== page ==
Now that Chelsea (formerly Bradley) Manning has been sentenced to serve 35 years behind bars, her backers face the very practical question of how they can best continue their support and show their love for the diminutive, bespectacled 25-year-old soldier whose cause they have so long championed. The answer may seem like a no-brainer, but in truth it’s only partly so.
The no-brainer aspect is that Manning needs political, legal, monetary and moral support as much if not more than ever. According to Elizabeth Goitein, co-director of the Brennan Center for Justice’s Liberty and National Security Program, the prison term handed down by military judge Col. Denise Lind was “dramatically longer than the longest sentence ever [imposed] for disclosing classified information to the media. ...” The government meant to make a cruel example of Manning, and by any standard of decency it has.
Under military law, Manning will be confined at the United States Disciplinary Barracks in Fort Leavenworth, Kan. Once there, as reported by Reuters, she’ll face years of monotony, housed as a man in a tiny cell appointed with a bed, toilet and desk. She’ll be permitted to read a limited number of preapproved library books but will be deprived of Internet access, although she’ll be allowed to use an electronic word processor for typing and mailing communications to the outside world.
Day by day, she’ll be assigned to tightly structured work details doing chores like catering, laundry, cleaning and yard maintenance. And while Leavenworth is generally regarded as safer than many civilian prisons, some inmates, according to Reuters, have described the environment as a “tinderbox” where tempers often flare. In short, until her ultimate release, Manning’s existence will be only slightly better than a living hell.
That brings me to the second and less obvious aspect of the future support she will need. With her trial in the rearview mirror, Manning could benefit from a tactical pivot by at least some of her ardent supporters, redirecting their efforts to doing whatever is practically necessary to secure her release from prison rather than simply promoting her case as a vehicle for fighting the wider and very dangerous crackdown on whistle-blowers.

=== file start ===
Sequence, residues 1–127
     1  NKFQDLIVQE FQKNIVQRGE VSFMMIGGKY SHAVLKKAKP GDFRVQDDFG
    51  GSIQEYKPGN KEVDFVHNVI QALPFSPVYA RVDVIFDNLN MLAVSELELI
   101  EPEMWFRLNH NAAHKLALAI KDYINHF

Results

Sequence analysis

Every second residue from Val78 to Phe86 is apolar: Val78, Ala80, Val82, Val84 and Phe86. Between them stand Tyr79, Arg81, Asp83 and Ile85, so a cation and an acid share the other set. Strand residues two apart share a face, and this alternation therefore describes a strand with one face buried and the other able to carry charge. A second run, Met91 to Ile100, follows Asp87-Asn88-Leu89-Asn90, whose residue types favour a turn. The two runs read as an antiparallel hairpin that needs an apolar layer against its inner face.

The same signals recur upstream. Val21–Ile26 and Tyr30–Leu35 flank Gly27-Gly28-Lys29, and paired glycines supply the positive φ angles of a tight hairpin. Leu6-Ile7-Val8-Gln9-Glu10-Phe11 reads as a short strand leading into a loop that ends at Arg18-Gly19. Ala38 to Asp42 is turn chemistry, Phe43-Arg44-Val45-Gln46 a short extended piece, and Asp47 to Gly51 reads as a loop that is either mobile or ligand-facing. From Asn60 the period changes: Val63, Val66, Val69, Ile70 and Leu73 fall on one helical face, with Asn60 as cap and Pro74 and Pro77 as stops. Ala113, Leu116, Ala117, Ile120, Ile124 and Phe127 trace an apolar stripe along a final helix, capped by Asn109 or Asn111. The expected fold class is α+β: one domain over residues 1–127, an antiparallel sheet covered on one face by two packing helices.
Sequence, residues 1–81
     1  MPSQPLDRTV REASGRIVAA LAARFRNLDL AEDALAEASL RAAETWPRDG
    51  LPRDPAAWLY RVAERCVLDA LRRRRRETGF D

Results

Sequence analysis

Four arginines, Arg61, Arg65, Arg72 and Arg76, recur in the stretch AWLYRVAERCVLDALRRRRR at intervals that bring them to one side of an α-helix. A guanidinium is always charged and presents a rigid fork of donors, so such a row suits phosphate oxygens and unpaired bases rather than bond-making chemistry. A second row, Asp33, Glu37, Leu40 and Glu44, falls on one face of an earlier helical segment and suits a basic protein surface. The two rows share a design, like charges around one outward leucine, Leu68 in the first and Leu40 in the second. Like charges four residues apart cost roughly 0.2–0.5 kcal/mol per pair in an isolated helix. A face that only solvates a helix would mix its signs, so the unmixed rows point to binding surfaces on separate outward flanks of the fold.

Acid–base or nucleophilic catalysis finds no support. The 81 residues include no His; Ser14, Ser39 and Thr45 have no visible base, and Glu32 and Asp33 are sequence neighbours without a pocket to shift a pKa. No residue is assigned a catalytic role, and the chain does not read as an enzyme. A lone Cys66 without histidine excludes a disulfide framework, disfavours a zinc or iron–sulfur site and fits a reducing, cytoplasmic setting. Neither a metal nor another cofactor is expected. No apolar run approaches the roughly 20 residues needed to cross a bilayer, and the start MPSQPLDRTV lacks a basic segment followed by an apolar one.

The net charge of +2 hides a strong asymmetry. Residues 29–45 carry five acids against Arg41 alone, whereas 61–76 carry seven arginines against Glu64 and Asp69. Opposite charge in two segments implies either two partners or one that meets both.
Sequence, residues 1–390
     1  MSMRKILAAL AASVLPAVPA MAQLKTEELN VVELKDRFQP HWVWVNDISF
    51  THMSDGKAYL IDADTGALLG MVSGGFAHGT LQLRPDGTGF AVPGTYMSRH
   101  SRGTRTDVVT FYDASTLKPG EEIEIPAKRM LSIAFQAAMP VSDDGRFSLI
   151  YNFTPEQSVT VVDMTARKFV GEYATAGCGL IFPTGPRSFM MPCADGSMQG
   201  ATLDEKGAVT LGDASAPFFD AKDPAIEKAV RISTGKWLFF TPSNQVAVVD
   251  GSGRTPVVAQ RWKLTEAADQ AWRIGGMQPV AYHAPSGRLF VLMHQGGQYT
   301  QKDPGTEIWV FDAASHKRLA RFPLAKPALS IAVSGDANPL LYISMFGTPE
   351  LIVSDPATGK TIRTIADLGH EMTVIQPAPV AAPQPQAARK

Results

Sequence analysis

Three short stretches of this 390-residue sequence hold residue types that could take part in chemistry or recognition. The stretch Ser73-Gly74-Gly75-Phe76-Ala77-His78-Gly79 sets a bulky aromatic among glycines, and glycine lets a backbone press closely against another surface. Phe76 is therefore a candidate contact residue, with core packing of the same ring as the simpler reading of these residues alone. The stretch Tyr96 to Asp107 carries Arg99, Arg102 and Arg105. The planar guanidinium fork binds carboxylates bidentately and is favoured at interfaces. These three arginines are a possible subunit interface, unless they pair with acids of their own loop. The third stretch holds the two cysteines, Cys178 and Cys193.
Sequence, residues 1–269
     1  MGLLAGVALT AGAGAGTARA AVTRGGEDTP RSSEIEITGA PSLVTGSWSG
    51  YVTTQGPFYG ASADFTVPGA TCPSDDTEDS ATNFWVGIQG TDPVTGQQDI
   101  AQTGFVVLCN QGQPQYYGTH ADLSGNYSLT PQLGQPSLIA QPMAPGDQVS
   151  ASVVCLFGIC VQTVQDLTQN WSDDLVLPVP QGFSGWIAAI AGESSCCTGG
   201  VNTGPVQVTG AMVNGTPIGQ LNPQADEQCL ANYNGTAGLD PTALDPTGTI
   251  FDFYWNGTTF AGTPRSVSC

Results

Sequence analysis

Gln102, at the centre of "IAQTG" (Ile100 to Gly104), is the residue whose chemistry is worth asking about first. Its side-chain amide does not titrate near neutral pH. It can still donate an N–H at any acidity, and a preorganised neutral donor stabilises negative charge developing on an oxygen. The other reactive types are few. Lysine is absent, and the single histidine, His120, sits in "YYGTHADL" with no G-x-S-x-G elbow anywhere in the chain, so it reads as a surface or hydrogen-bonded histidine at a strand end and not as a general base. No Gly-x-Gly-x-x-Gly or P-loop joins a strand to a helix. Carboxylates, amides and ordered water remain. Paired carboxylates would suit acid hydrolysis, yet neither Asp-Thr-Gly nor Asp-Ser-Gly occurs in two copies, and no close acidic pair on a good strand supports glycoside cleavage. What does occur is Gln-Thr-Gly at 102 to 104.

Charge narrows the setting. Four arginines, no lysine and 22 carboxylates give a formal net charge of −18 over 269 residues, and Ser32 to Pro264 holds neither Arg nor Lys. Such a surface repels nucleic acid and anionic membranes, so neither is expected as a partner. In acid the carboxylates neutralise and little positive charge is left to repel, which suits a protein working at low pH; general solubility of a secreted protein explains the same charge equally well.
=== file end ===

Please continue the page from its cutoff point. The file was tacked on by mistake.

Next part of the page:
This isn’t to say that Manning’s supporters should abandon or diminish their engagement in the bigger struggle, but to emphasize that a real live human being requires their aid to set her free. To accomplish that goal, Manning’s supporters will have to separate the myth from the woman, to realize and accept the fact that despite the impact of her disclosures, Manning is not the second coming of Daniel Ellsberg or another Nelson Mandela. She’s a unique human being, like the rest of us, with a unique set of personal issues, the first and foremost of which is to get out of Leavenworth.
A good way to begin the pivot would be to review the final argument made by David Coombs, Manning’s very able civilian lawyer, at her sentencing hearing. As Coombs told Lind, the “over-generalizations” about Manning in the press and at times in court as either a traitor or a super-hero ignored the multifaceted and vulnerable person Manning actually is.
Without abandoning his defense of Manning as a whistle-blower, Coombs portrayed his client as very intelligent and caring but also damaged and confused, and subject to extraordinary stress as a result of a highly troubled upbringing, gender-identity issues and her combat deployment to Iraq. Manning echoed many of the same themes in a personal statement to the court, accepting responsibility for her actions and even apologizing for any harm that her release of classified documents may have caused.
Coombs’ approach was both standard practice for a defense attorney attempting to humanize his client and mitigate punishment at the conclusion of a long trial and a preface to the legal and political work that remains to be done post-trial on Manning’s behalf. In the coming weeks, Coombs will begin the long process of seeking a presidential pardon and clemency from military authorities, preparing a series of legal appeals, and failing such remedies, pursuing parole. He’ll also represent Manning in her efforts to obtain gender-reassignment treatment while in prison.
It’s always possible that some of Manning’s convictions will be reversed on appeal, but she was found guilty of no less than 20 offenses, including six violations of the Espionage Act. She also pleaded guilty to 10 lesser offenses, which will not be subject to appellate review and by themselves carry a potential prison term of 20 years. Given President Obama’s dismal record on pardons, it’s also unlikely that Manning will achieve any success in that department.
This means that Manning’s best actual prospects for freedom likely will lie with the ordinary discretionary remedies of clemency and parole, for which she will be eligible in 6.5 years, according to Coombs. However, to succeed on those fronts, most military-law experts agree, Manning will have to show, as she did at her sentencing hearing, that she has accepted responsibility for her offenses and that she will have substantial family and social support in the community upon release.
The choice for the left, then, which has acted as Manning’s support base since her arrest in 2010, should be plain: Either it can continue to make her the centerpiece of resistance to government overreach, further antagonizing the military and the surveillance state in the process, or it can—without sacrificing that resistance—show its real love for Manning, follow Coombs’ highly nuanced lead and resolve to do whatever it takes to help set her free.